Desert Ridge football coach Jeremy Hathcock

Desert Ridge football coach Jeremy Hathcock believes shortening the football season would be the best option so it doesn’t interfere with winter sports should the start be delayed.

As football programs across the East Valley try to carefully navigate through summer workouts, some have fallen victim to COVID-19 infections among players. 

Tempe Union High School District spokesperson Megan Sterling confirmed a player at Desert Vista had tested positive for the virus. According to Sterling, the player started to have symptoms the weekend of June 12. He was not present at any of the Thunder’s workouts leading up to his positive test result on June 18. 

Desert Vista kept players in groups of 10, including a coach that was designated to remain with that group. Sterling said the player’s group were told to self-isolate out of precaution. Sterling said as of Friday, June 26, no other players or coaches showed signs of infection. 

“Desert Vista has been following the guidelines released by the AIA and district,” Sterling said. “Once notified of the test, players and the coach who came in contacts with the player were immediately told to self-quarantine for 14 days. Players have to have a note from a doctor clearing them to return.”

In Scottsdale, a Chaparral football player also tested positive for the virus. According to a statement from the Scottsdale Unified School District, the camp was shut down for deep cleaning but has since resumed workouts. 

Chaparral players also participated in small-group team workouts inside D1 Scottsdale, a new training facility. According to Kristen Baker, one of the owners of D1, the player was asymptomatic when inside the facility. About three days later, she said the player’s mother informed her of the positive test. 

“We suspended all team workouts and closed so a professional cleaning company could come in and sanitize the facility,” Baker said. “This is something we will do every week going forward to ensure the safety of all of our guests.”

East Valley school districts have started releasing initial plans to allow kids back onto campus for the fall semester. Most of which, however, have left athletics up to the Arizona Interscholastic Association.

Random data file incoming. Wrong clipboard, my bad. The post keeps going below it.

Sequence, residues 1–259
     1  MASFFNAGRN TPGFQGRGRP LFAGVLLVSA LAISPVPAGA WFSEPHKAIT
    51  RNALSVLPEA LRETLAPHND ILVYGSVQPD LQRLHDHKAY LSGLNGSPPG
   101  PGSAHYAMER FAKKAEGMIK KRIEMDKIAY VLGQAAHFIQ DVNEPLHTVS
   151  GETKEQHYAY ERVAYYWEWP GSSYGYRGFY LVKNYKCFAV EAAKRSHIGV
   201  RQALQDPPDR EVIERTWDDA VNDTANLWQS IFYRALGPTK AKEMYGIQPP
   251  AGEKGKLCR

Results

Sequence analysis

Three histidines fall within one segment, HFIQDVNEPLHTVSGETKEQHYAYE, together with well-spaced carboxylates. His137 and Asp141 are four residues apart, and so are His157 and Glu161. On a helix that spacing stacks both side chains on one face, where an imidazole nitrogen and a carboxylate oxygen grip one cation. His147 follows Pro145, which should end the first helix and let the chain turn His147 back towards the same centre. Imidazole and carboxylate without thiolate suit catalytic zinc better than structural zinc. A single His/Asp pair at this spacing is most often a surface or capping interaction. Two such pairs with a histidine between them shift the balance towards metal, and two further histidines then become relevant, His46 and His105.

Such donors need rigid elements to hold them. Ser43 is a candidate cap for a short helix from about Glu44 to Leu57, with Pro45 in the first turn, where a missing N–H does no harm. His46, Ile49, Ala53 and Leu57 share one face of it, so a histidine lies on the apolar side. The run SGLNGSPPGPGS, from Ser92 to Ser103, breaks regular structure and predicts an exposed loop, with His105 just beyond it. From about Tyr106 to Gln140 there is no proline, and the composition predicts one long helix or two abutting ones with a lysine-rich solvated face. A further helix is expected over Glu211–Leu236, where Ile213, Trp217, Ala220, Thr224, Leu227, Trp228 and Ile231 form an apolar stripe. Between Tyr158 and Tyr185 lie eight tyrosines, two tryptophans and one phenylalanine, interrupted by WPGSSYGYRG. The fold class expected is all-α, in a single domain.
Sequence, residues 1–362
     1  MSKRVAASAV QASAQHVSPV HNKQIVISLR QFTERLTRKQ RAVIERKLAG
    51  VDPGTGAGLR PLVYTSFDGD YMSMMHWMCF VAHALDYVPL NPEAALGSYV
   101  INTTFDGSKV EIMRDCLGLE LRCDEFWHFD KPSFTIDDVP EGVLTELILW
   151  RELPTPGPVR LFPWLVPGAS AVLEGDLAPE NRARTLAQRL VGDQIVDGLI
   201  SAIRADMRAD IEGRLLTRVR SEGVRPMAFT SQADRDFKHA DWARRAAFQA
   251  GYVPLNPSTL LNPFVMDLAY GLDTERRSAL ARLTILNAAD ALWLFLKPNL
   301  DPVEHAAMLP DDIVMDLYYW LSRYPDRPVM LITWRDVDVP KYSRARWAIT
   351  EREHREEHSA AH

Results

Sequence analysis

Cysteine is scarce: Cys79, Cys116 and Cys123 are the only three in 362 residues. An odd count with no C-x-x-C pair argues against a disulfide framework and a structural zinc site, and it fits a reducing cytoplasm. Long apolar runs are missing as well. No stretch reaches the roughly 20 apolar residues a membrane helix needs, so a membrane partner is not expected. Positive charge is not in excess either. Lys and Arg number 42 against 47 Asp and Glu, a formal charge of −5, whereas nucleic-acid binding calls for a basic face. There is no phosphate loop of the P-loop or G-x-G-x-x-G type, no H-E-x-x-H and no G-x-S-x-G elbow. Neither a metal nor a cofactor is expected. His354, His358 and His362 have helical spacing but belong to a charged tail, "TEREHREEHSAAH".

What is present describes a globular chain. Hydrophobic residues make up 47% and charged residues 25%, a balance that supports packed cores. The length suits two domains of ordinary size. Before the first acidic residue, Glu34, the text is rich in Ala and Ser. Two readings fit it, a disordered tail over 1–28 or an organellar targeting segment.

The AIA announced it would send out surveys in July to principals to gauge how they plan to welcome athletics back on campus. From there, the association’s Crisis Management Committee will begin formulating a plan for a fall sports season.

“We are going to look at in the next two or three weeks what is going on in the state,” Hines said. “The problem is we just don’t know where we will be at. When school starts going back, and we again don’t know what that will look like, then we can start making some decisions on what we do for the start of fall.”

Surveys for football and fall soccer will have a deadline of July 10, as those sports begin official practice sooner than others. The first official AIA mandated practice for football is scheduled to take place on July 27. Responses for other fall sports are expected to be submitted by July 24. 

Hines said the committee would weigh all of its options in regard to the fall season, including a potential delay or shortening it.

“I don’t believe cancelling games would be necessary but pushing everything back would be beneficial no matter what,” Mountain Pointe head Coach Eric Lauer said. “I don’t think any teams, with the limitations right now and not knowing when we can move into another phase, will be ready to go by August.”

Lauer said if the season was canceled, there should be an option for seniors to be in pads sometime in the winter with college coaches in attendance.

“Give us four weeks at the end of January and the first couple weeks of February to get our guys in pads and let them try to earn a scholarship through showcases at schools,” Lauer said. “No refs, just guys working out in pads in front of college coaches. Even one day could be the difference for a player earning a scholarship.”

Desert Vista coach Dan Hinds said safety is at the forefront of his goals for the summer. After that, it’s preparing as if the season will go on as planned.  

“Football players and football coaches all want to have a season,” Hinds said, “but first and foremost, I’m all about keeping kids safe. I’ve kind of come to a place where we are planning to have a season until they tell us otherwise.” 

Desert Ridge head football coach Jeremy Hathcock said he was in favor of pushing the season back, no matter what that looks like. He suggested playing only eight games in the regular season and allowing for every team to make some sort of postseason tournament. 

“If we are going to push things back, get rid of a game or two,” Hathcock said. “I don’t think we can push the entire season back because then we get into basketball and wrestling then start forcing kids to decide which sport to compete in.”

Like Arizona, Texas and Florida have also seen an uptick in infections. Some prep teams in both states began workouts in early June, similar to Arizona, but have seen infections among players or family members that triggered quarantines. 

As COVID-19 case numbers continue to rise, Chandler coach Rick Garretson said he would be open to any changes that would result in having a season in 2020.  

“I don’t think taking away bye weeks or going to an eight-game schedule would be a big deal,” Garretson said. “We need something. So, I would be fine with herring on the side of caution in order to have a season.”


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